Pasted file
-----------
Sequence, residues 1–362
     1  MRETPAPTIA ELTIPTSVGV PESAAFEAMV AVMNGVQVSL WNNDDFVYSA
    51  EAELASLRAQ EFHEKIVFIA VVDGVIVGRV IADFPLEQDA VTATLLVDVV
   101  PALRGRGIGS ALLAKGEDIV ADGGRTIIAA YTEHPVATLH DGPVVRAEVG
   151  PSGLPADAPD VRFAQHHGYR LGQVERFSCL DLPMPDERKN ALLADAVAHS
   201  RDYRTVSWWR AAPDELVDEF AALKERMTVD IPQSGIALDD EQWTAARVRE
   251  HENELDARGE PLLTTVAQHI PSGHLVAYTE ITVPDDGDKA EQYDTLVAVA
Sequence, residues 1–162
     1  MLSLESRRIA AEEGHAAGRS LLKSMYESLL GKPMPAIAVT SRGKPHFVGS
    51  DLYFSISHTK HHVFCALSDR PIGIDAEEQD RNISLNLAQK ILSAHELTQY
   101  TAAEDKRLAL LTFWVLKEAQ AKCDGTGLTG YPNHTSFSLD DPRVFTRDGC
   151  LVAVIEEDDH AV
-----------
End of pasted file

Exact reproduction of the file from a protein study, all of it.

Sequence, residues 1–362
     1  MRETPAPTIA ELTIPTSVGV PESAAFEAMV AVMNGVQVSL WNNDDFVYSA
    51  EAELASLRAQ EFHEKIVFIA VVDGVIVGRV IADFPLEQDA VTATLLVDVV
   101  PALRGRGIGS ALLAKGEDIV ADGGRTIIAA YTEHPVATLH DGPVVRAEVG
   151  PSGLPADAPD VRFAQHHGYR LGQVERFSCL DLPMPDERKN ALLADAVAHS
   201  RDYRTVSWWR AAPDELVDEF AALKERMTVD IPQSGIALDD EQWTAARVRE
   251  HENELDARGE PLLTTVAQHI PSGHLVAYTE ITVPDDGDKA EQYDTLVAVA
Sequence, residues 1–162
     1  MLSLESRRIA AEEGHAAGRS LLKSMYESLL GKPMPAIAVT SRGKPHFVGS
    51  DLYFSISHTK HHVFCALSDR PIGIDAEEQD RNISLNLAQK ILSAHELTQY
   101  TAAEDKRLAL LTFWVLKEAQ AKCDGTGLTG YPNHTSFSLD DPRVFTRDGC
   151  LVAVIEEDDH AV